The last decade has witnessed the emergence of numerous policies seeking to improve people’s well-being and economic development in places that have come to be labelled as fragile: environments that are affected by or prone to violent conflict, or both. What are the major arguments, assumptions and trends that characterise these policies and what are the main issues on which they differ?
These are the questions the IS Academy Human Security in Fragile States sought to explore – in its final year – by commissioning a policy review of international and Dutch policies on socio-economic development in fragile settings. The aim of this review was to discern general patterns and trends and to identify key issues around which much of the current policy debate revolves.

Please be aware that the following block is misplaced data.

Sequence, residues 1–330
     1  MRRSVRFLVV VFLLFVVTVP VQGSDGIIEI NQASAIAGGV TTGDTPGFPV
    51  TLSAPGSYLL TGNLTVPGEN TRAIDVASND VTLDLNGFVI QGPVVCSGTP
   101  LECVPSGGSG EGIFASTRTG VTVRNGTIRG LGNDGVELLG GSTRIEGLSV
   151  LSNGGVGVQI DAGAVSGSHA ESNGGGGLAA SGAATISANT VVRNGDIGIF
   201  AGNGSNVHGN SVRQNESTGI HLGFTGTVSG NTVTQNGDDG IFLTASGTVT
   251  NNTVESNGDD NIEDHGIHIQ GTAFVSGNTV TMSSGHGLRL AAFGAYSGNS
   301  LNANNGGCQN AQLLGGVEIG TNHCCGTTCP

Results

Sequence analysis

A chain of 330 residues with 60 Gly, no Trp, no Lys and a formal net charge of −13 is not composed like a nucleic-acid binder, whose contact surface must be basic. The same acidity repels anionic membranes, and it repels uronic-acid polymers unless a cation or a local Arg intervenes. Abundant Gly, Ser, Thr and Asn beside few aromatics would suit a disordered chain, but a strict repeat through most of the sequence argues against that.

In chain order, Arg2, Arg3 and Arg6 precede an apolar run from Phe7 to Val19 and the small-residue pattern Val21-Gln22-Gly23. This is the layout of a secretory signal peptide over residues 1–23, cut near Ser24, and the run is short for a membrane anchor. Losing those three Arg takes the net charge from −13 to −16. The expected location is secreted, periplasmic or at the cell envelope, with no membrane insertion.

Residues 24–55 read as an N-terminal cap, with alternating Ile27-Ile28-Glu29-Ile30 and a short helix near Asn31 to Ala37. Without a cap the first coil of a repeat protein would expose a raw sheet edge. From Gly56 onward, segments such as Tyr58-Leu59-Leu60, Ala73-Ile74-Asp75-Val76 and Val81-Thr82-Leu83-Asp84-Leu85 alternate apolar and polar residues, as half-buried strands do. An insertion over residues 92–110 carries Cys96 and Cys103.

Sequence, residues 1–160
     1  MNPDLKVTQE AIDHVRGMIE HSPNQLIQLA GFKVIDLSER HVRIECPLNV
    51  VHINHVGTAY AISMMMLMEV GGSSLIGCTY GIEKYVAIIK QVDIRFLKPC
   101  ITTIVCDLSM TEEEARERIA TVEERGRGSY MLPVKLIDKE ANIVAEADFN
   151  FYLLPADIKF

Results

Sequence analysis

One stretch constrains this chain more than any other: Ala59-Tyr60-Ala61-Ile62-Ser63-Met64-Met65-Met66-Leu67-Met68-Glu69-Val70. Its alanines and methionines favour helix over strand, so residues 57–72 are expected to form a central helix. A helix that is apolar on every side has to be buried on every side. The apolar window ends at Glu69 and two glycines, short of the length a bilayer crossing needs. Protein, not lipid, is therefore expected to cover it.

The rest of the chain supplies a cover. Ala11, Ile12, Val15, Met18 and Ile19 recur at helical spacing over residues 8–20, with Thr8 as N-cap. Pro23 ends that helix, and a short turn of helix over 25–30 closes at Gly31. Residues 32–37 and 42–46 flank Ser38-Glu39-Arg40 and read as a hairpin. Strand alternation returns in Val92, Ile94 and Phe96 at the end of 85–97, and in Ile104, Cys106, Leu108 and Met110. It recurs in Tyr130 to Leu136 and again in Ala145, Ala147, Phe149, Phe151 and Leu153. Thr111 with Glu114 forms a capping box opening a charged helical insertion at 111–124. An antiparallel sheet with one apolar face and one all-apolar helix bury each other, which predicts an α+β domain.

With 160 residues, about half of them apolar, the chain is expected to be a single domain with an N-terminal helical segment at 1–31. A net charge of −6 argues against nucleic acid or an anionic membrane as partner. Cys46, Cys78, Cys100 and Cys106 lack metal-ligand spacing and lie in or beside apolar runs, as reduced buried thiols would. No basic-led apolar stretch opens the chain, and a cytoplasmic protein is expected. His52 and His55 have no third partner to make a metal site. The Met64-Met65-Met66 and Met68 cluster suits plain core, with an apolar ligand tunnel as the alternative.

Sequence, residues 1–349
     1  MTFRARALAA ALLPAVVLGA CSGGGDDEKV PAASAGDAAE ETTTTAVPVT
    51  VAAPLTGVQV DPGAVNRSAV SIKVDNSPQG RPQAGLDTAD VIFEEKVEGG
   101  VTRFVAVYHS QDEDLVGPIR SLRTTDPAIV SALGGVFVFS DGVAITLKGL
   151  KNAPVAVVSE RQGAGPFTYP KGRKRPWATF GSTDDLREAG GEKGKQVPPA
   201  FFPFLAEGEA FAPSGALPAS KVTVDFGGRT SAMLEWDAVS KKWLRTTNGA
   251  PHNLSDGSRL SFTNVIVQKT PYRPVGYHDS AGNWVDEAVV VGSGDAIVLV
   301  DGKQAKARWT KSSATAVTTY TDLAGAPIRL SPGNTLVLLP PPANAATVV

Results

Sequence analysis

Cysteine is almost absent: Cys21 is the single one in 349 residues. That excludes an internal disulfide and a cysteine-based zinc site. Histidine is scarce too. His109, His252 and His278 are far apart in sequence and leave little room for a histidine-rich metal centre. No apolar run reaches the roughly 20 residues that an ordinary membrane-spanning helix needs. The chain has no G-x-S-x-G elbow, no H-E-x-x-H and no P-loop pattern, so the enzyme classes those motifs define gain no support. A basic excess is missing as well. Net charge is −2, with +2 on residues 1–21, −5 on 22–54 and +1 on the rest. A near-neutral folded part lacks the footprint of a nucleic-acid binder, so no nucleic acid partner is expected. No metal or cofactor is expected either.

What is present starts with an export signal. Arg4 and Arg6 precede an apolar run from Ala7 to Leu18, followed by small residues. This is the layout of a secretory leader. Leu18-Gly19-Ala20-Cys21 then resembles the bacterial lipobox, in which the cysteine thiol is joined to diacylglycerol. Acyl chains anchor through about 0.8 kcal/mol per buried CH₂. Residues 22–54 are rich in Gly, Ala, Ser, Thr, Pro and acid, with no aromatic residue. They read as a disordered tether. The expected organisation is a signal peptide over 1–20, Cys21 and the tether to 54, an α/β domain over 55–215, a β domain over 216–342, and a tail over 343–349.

Based on desk research and interviews with 15 policy experts, a number of influential Dutch and international policy documents were selected, analysed and compared in terms of their primary policy goal, problem analysis and proposed policy response. The general trends emerging from this review provided the framework for subsequent discussion of key issues that are likely to remain high on the policy agenda in the coming years.
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